Introducing sit-to-stand workstations in the office significantly reduces sitting at work but can result in slight increases in sitting outside of working hours, new research reveals.
This so-called 'compensation effect' is one of the main findings to come out of a study into the benefits of using sit-to-stand workstations in the office to combat sedentary behaviour.
Led by researchers at Loughborough University with support from the Leicester-Loughborough Diet, Lifestyle and Physical Activity Biomedical Research Unit (BRU), the study introduced specialist Ergotron sit-to-stand workstations to 40 male and female office workers.
Each participant wore a position sensor attached to the leg continuously for 24 hours a day, initially for a period of 14 days prior to the desk installation, as part of a baseline assessment. The participants then received a sit-to-stand workstation to use for three months alongside a six-page information booklet about the advantages of sit-to-stand working.
The study showed that participants reduced their sitting time at work by 20% -- this is equivalent to a 96 minute reduction in sitting time over a typical 8 hour work day, after three months of using the sit-to-stand workstation.
However, this study examined -- for the first time -- whether a reduction in sedentary time and an increase in light activity levels (standing and stepping time) during working hours were compensated for outside of work during leisure time.
The findings indicated that participants were slightly more sedentary during non-working hours following workstation installation, but, despite this, overall sedentary time across the day was still reduced when participants were using their sit-to-stand desks at work. For example, total sitting time on work days decreased by 44 minutes from an average of 10 hours 5 minutes a day (prior to workstation installation) to 9 hours 21 minutes a day after three months.
Sedentary behaviour has been linked to health risks including an increased risk of Type 2 diabetes, cancer and obesity. A recent study has shown that office workers typically sit for more than 10 hours a day, with more than half of their total daily sitting time occurring in the workplace.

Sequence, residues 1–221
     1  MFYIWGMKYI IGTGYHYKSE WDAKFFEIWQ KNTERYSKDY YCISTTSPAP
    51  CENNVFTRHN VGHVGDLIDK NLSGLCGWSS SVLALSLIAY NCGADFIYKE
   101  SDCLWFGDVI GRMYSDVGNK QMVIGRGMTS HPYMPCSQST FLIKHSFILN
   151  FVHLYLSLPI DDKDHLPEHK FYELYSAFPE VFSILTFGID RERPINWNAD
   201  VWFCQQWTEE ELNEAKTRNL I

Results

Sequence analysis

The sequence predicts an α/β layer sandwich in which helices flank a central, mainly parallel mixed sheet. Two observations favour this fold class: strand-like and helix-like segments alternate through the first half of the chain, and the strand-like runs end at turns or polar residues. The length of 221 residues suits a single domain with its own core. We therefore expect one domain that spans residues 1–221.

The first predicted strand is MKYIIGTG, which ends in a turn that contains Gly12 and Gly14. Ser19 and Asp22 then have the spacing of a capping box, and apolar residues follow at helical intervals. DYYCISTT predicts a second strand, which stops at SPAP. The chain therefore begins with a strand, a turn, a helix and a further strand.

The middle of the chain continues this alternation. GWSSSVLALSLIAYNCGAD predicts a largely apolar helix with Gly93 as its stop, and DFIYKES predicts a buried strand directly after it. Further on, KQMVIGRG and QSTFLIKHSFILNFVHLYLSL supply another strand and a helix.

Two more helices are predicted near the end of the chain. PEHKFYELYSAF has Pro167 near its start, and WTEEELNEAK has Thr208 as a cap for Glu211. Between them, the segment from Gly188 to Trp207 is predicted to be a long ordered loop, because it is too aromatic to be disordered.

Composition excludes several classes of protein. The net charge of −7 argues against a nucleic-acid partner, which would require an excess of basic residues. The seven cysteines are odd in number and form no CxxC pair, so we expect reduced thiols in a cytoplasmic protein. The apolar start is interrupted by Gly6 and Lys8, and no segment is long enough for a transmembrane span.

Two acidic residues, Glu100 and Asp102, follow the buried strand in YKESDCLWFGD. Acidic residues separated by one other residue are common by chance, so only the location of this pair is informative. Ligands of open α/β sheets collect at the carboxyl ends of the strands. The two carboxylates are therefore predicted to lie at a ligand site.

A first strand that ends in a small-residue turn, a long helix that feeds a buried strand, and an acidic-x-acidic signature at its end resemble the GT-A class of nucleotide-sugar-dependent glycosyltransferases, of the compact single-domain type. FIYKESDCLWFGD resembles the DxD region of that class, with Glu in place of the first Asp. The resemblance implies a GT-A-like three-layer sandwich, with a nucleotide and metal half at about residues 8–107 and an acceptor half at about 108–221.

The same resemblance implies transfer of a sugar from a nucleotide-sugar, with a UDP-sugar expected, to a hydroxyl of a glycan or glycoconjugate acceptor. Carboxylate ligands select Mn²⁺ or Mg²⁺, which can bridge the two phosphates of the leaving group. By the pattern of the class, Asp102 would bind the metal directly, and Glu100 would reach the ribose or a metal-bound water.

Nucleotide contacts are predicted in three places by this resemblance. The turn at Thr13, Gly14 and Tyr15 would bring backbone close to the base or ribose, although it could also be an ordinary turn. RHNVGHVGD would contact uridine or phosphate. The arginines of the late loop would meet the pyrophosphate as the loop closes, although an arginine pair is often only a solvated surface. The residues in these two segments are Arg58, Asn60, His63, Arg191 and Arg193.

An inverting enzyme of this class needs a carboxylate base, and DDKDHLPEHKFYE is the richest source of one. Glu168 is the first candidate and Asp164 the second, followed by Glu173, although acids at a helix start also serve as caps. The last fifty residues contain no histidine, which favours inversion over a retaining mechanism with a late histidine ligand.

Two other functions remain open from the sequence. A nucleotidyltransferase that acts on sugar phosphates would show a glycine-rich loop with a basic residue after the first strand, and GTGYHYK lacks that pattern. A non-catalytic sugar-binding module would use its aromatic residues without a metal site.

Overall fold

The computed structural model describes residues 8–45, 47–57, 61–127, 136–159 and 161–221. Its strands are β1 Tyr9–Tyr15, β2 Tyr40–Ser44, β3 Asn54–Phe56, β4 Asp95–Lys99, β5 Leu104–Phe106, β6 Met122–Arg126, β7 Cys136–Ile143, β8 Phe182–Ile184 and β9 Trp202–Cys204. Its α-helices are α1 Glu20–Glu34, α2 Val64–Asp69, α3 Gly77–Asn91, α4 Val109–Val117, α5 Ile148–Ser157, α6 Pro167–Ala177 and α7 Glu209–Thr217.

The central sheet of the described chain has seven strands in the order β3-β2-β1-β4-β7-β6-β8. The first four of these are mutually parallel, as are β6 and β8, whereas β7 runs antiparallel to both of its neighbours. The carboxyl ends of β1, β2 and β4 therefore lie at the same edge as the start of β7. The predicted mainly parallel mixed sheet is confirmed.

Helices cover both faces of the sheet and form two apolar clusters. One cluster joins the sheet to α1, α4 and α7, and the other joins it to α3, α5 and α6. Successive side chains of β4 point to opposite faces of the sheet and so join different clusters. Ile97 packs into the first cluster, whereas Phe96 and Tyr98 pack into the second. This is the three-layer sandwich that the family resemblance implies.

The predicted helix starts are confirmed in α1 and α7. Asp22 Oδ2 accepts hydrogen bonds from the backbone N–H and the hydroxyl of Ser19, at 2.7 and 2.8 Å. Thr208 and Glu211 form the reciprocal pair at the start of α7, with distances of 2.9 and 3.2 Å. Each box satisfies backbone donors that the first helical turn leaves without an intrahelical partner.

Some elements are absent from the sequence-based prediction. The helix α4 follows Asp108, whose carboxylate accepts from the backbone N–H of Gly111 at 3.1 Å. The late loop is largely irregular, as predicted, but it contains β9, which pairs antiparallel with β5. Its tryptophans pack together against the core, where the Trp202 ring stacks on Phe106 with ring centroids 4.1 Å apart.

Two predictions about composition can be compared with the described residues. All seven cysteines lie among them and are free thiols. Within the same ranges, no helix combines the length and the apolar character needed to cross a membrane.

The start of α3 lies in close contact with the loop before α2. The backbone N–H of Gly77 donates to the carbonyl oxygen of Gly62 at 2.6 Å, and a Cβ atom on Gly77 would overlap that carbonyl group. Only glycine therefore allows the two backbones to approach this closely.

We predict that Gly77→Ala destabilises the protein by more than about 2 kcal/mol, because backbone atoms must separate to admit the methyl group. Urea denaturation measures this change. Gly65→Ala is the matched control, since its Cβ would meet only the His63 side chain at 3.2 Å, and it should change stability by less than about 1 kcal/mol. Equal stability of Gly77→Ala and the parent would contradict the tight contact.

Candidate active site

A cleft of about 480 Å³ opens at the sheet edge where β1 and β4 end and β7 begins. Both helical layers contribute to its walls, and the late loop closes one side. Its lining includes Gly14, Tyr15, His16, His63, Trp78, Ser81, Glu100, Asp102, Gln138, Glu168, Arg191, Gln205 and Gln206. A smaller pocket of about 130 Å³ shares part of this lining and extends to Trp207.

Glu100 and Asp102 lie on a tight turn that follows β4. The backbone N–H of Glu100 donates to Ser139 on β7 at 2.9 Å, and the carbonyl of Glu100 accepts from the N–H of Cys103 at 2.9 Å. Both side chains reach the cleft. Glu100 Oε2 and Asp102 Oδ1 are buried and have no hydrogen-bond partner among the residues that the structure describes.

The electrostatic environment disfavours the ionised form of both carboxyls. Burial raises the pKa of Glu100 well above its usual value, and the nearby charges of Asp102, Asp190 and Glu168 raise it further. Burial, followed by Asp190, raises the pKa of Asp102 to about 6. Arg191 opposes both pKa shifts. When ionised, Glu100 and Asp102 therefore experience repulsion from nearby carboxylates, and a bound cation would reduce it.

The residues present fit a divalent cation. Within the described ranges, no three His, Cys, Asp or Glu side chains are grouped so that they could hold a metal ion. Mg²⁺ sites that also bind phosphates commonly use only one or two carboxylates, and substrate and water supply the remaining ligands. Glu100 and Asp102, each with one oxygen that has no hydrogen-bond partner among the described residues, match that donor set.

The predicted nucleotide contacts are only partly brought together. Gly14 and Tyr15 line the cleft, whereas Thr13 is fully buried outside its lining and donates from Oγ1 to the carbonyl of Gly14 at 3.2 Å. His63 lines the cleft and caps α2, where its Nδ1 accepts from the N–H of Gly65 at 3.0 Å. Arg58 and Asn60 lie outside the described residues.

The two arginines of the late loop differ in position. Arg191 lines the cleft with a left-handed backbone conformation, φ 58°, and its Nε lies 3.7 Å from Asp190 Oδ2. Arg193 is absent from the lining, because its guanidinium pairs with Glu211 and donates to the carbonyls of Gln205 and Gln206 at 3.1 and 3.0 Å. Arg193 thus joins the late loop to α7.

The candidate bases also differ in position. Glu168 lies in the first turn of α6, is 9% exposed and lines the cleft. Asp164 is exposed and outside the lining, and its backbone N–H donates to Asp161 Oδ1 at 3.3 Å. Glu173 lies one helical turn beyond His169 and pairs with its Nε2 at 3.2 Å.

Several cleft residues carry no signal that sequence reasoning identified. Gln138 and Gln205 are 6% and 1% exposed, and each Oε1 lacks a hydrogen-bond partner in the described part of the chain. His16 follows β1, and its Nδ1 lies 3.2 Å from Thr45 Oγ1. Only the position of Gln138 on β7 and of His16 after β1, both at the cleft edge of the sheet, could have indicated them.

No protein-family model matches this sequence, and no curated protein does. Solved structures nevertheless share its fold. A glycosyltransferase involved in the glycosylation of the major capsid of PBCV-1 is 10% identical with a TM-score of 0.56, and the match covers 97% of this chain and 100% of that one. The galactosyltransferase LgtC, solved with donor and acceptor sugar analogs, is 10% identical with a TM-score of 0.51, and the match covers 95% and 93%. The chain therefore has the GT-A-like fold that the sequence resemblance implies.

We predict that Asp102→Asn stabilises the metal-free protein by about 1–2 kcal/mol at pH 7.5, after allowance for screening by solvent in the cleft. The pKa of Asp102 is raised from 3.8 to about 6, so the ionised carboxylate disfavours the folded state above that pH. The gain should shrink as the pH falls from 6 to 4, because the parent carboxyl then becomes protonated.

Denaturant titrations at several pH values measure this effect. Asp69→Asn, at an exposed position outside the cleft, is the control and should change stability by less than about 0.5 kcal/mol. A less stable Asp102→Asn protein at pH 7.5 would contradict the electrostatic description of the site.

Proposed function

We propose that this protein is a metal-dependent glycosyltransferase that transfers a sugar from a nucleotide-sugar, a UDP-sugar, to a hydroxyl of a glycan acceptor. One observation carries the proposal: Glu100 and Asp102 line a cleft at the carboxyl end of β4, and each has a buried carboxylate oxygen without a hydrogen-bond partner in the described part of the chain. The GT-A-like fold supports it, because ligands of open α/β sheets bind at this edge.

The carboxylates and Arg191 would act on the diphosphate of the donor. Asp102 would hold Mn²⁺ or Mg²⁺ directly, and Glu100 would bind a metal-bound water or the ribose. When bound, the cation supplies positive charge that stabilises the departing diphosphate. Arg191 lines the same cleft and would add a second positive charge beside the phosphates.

Dr Stacy Clemes from Loughborough University's School of Sport, Exercise and Health Sciences (SSEHS) and National Centre for Sport and Exercise Medicine East Midlands, said: "Our research sheds new light on how sedentary behaviour and physical activity are compensated outside of working hours. The findings suggest that sit-to-stand workstations are a promising alternative to the traditional desk and chair, and could lead to substantial health benefits in workers leading a sedentary lifestyle. Further research is needed, however, to examine the long-term use of sit-to-stand desks on combatting sedentary behaviour and improving overall health.
"For those using sit-to-stand workstations, it is recommended that individuals consciously think about ways they can reduce their sitting time outside of work, so as to avoid undoing any beneficial effects of reduced sitting at work. You can do this, for example, by adopting strategies at home such as standing up and walking around during TV advert breaks, standing when talking on the phone, and/or standing on public transport (if safe to do so)."
Carrie Schmitz, Senior Manager of Ergonomic and Wellness Research at Ergotron -- the United States-based company responsible for donating the sit-to-stand workstations used in this study -- said: "These results provide some interesting insights into human behaviour and our efforts to improve overall health, but they should also serve as a rallying cry. Through the use of sit-stand desks we have made great strides in reducing sedentary behaviour in the office setting which does carry over into the home environment.
"Any significant change begins with increasing awareness, and our education efforts in the office over the last six years have been addressing home life too."
"The Using Sit-to-Stand Workstations in Offices: Is There a Compensation Effect?" study has been published in Medicine & Science in Sports & Exercise -- the official journal of the American College of Sports Medicine.
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